Asia

In pictures: The Muslims of Yangon

Thwarhairah poses for a portrait in downtown Yangon, Myanmar, November 14, 2015. For fifteen years Image copyright Andre Malerba
Image caption Thwarhairah has run a betel nut stand on a primarily Muslim street, which she took over from her parents. She said she was quite happy on election day, and went to vote in the rural town of Dala, across the Yangon river, where her family is originally from

As the National League for Democracy (NLD) prepares to take power in Myanmar the future for Muslims in the country is unclear.

In recent years, the treatment of Muslims in Myanmar has been in the spotlight with outbreaks of deadly violence and the plight of ethnic Rohingya who are denied citizenship.

Neither of the main parties fielded any Muslim candidates in the 8 November poll, and in the months before the election, officials confirmed that hundreds of thousands of Muslims had been left off voter registration lists.

Photographer Andre Malerba met two people in a Muslim area of Yangon, to find out if they think life will improve under Aung San Suu Kyi's NLD.

Image copyright Andre Malerba
Image caption Thwarhairah says downtown Yangon is primarily safe for Muslims. In some areas, however, some Muslims may be asked to remove their burqas, and children have to be careful on their way to school. "As Muslims, we are worried about being Muslim," she says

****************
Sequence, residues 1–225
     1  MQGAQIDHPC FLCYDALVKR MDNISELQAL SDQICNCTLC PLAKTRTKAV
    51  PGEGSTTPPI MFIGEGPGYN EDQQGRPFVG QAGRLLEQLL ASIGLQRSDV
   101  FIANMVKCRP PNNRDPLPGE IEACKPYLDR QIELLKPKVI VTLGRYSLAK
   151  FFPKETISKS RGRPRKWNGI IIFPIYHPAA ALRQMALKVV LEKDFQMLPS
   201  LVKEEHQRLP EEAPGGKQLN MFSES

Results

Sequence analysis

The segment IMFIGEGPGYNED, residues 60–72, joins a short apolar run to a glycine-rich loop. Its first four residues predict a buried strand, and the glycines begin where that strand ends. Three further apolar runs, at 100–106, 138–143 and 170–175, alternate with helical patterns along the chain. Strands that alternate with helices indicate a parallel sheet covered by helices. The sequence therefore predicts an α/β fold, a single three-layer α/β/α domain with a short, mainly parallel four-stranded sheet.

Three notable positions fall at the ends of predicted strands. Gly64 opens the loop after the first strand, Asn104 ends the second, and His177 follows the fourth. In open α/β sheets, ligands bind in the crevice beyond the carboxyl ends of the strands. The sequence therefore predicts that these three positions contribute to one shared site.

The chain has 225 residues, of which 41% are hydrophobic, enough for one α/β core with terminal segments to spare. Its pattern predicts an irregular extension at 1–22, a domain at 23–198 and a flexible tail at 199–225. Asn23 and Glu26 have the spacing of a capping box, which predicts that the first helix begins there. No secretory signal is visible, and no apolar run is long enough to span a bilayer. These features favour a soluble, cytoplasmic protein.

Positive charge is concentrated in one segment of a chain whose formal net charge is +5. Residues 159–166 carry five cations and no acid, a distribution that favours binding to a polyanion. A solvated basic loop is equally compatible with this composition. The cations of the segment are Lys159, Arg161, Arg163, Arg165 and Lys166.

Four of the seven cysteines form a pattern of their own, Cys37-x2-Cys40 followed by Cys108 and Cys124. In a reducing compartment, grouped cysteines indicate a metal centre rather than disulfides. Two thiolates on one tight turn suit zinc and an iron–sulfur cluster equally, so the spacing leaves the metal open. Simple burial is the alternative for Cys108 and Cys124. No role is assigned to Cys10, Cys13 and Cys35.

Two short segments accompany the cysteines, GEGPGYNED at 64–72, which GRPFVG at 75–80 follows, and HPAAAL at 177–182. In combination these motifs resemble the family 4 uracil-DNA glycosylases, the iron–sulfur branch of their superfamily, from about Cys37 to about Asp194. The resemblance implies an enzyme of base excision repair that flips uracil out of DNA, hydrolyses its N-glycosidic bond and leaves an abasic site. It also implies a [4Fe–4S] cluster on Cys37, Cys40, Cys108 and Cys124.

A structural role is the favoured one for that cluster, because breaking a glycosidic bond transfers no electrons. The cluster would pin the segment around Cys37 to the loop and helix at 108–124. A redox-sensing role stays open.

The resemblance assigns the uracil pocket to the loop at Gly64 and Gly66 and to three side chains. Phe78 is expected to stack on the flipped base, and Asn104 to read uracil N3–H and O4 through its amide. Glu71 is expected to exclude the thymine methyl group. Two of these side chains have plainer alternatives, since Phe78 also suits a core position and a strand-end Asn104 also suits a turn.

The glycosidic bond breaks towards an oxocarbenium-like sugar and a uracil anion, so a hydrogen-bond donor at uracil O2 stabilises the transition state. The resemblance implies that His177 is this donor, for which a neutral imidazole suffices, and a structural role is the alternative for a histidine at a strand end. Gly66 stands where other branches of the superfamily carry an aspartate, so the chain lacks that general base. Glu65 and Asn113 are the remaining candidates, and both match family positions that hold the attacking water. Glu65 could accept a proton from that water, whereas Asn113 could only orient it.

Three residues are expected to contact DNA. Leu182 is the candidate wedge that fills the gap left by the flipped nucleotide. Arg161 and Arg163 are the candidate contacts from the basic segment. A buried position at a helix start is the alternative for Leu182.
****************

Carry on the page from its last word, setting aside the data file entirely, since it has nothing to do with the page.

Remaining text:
Image copyright Andre Malerba
Image caption She does not think that there will be too much change for Muslims under the leadership of the NLD. She says, "they (NLD) are not Muslim, they are Buddhist, and they will say anything to get votes"
Image copyright Andre Malerba
Image caption She relates that one time a Buddhist monk came to her shop and made lewd comments towards her after asking for bettel nut. She did not dare to say anything or tell him to leave for fear of retribution
Image copyright Andre Malerba
Image caption Thwarhairah says that she is sad that there are no Muslim members of parliament because Muslims are not being given a chance. She only hopes that they will be given equal representation
Image copyright Andre Malerba
Image caption Farooq has assumed the duty of muezzin for approximately 20 years, dutifully leading the call to prayer five times every day, a very important position in Muslim communities
Image copyright Andre Malerba
Image caption On voting day, Farooq relates that he had no problems at all. He says that he has never experienced any direct persecution where he lives on a primarily Muslim street. However, he admits that he can't be sure of what would happen if he were to travel
Image copyright Andre Malerba
Image caption He related that he has heard of religious persecution towards Muslims, but was reluctant to confirm specific examples or to say whether he believed any of it. Of the various known examples he says, "I was not there so I cannot say one way or another"
Image copyright Andre Malerba
Image caption He thinks religious tolerance is getting neither better nor worse, simply staying the same
Image copyright Andre Malerba
Image caption He says it doesn't matter so much whether there is a Muslim member of parliament, only that the change comes. He believes that the NLD will help to bring change

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